Israeli soldier Elor Azaria was convicted yesterday of the manslaughter of Abd Al-Fattah Al-Sharif, a 21-year-old Palestinian killed by a shot to the head as he lay wounded and motionless after an alleged attack on uniformed occupation forces in Hebron in March 2016.
Azaria’s sentence has yet to be handed down – and his defence team could well appeal. Furthermore, a number of Israeli ministers have already demanded that Azaria be pardoned, a call supported by Prime Minister Benjamin Netanyahu himself, and 70 per cent of the Israeli public.
But putting all that aside, as well as the fact that he was charged with manslaughter rather than murder, is it not evidence of the Israeli military’s commitment to accountability that Azaria was indicted and convicted at all?
That’s clearly some people’s takeaway from yesterday’s verdict. A leader in the Times today said the military judges had “sent a message about the values of the Israel Defence Forces and the robustness of the country’s democratic institutions.” But does this tally with the facts?
Prior to Azaria, the last Israeli soldier to be convicted of manslaughter was Taysir Heib, jailed for eight years (he served six-and-a-half) for the 2003 killing of British photographer and activist Tom Hurndall. Yet since Heib’s conviction in 2005, Israeli forces have killed more than 6,000 Palestinians.
According to Israeli NGO B’Tselem, the deaths of 121 Palestinian civilians at the hands of Israeli forces in the West Bank from April 2011 to December 2015 have produced only one conviction – for negligent manslaughter in the case of an unarmed Palestinian worker shot dead in 2013.
Another Israeli NGO, Yesh Din, has documented how in 2015, Israeli military investigators opened 186 criminal investigations into alleged offenses by Israeli forces against Palestinians. Sixty-five per cent of these files have been closed, while just four per cent (seven cases) “resulted in disciplinary measures”.
The NGO notes that, during 2015, Israeli occupation forces shot and killed 116 Palestinians in the West Bank and East Jerusalem: yet only 21 investigations were even opened.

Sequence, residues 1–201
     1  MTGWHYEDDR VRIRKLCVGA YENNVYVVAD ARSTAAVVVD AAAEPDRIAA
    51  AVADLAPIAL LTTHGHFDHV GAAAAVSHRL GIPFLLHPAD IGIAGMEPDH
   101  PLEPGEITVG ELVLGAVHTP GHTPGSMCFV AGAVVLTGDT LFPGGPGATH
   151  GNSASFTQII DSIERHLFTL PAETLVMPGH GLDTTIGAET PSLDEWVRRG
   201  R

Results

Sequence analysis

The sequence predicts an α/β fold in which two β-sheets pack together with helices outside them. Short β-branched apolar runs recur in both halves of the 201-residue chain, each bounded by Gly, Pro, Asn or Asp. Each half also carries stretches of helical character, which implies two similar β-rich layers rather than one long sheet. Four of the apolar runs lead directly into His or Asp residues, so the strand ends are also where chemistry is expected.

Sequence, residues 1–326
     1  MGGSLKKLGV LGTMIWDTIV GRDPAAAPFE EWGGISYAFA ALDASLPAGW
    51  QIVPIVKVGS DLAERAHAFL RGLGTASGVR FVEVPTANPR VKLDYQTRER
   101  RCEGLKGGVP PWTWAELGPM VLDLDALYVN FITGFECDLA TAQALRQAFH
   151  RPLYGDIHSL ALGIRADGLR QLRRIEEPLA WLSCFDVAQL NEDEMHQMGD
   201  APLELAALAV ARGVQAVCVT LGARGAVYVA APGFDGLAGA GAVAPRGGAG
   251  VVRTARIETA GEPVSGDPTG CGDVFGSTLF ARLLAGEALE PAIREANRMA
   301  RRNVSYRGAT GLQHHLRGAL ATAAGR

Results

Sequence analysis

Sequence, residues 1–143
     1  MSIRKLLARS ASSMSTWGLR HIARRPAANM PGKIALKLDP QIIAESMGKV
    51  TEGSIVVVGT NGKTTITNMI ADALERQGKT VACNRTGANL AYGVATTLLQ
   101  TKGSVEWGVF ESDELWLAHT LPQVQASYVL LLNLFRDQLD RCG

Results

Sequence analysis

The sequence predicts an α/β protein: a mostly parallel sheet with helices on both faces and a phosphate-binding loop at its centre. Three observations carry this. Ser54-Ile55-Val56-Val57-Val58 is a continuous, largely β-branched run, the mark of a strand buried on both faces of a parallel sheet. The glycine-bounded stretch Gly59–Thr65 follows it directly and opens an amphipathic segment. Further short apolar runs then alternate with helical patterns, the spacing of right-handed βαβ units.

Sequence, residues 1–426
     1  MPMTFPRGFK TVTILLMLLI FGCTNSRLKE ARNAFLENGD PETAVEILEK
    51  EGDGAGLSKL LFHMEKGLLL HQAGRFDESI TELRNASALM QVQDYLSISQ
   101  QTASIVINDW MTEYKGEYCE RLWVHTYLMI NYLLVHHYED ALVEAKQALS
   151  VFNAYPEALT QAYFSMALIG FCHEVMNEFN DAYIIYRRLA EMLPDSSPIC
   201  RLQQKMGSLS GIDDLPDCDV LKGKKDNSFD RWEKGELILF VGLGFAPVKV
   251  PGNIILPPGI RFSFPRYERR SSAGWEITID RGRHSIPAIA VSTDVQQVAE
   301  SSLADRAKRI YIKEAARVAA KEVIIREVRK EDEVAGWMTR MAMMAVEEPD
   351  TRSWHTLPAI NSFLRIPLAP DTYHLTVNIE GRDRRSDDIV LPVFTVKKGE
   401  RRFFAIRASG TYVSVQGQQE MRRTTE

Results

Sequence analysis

This includes numerous cases where, as a number of local and international human rights groups have testified, Israeli forces “killed Palestinians after they no longer posed a threat” or even “killed Palestinians who did not appear to be carrying out an attack at all.”
That is not to mention the Palestinians killed or wounded with live ammunition or rubber-coated metal bullets when Israeli forces suppress unarmed protests or demonstrations; in 2016 alone, more than 1,000 Palestinians were shot by Israeli forces in the occupied Palestinian territory.
Commenting on Azaria’s conviction, legal rights centre Adalah notes that, well over two years after the 2014 assault on the Gaza Strip, there have been zero indictments for “suspected violations of international law committed by the Israeli military – including the killing and wounding of civilians.”
The statistics tell a clear story, of an Israeli army dedicated to maintaining a 50-year-old military occupation, whose forces kill and maim Palestinian civilians – 99 per cent of the time with total impunity. No amount of talk of “values” or “rules of engagement” obfuscate those facts.
Last spring, within the space of a few weeks, the Israeli army closed investigations without indictments into the killing of two Palestinian teenagers: one shot dead during an unarmed protest, the other shot from behind (by a colonel) as he fled after throwing a rock at an army jeep.
So why was Azaria, unlike so many others, tried and convicted? The single most important difference was that the extrajudicial execution was captured on film; crystal clear and irrefutable.
There is another angle to remember. The International Criminal Court is currently considering whether or not to open a full investigation into alleged war crimes committed in the OPT; the Ccourt only assumes jurisdiction if a country’s own legal system is deemed insufficient or incapable.
Some thus believe the conviction could counter a “narrative” that investigations are a whitewash. The essence of Azaria’s military trial, according to one Israeli academic, was to “get a pass mark at The Hague”; Israeli war criminals sacrifice a “junior member of their own” to maintain the system.
It is unlikely to be enough; as Amnesty noted yesterday, Israeli soldiers “who may have committed crimes under international law very seldom face prosecution.” Rather than showing “the vibrancy of Israel’s democracy”, as the Times put it, Azaria’s case is a symptom of a colonial sickness.
The views expressed in this article belong to the author and do not necessarily reflect the editorial policy of Middle East Monitor.